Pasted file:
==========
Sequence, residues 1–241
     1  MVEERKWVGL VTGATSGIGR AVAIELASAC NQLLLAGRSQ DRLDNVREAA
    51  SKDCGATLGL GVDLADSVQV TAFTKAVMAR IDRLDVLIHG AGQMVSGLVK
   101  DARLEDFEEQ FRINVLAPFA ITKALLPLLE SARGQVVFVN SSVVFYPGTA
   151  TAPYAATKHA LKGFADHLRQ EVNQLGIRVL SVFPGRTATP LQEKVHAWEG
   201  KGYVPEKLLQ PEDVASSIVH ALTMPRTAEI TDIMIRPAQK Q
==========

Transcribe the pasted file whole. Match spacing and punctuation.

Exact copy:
Sequence, residues 1–241
     1  MVEERKWVGL VTGATSGIGR AVAIELASAC NQLLLAGRSQ DRLDNVREAA
    51  SKDCGATLGL GVDLADSVQV TAFTKAVMAR IDRLDVLIHG AGQMVSGLVK
   101  DARLEDFEEQ FRINVLAPFA ITKALLPLLE SARGQVVFVN SSVVFYPGTA
   151  TAPYAATKHA LKGFADHLRQ EVNQLGIRVL SVFPGRTATP LQEKVHAWEG
   201  KGYVPEKLLQ PEDVASSIVH ALTMPRTAEI TDIMIRPAQK Q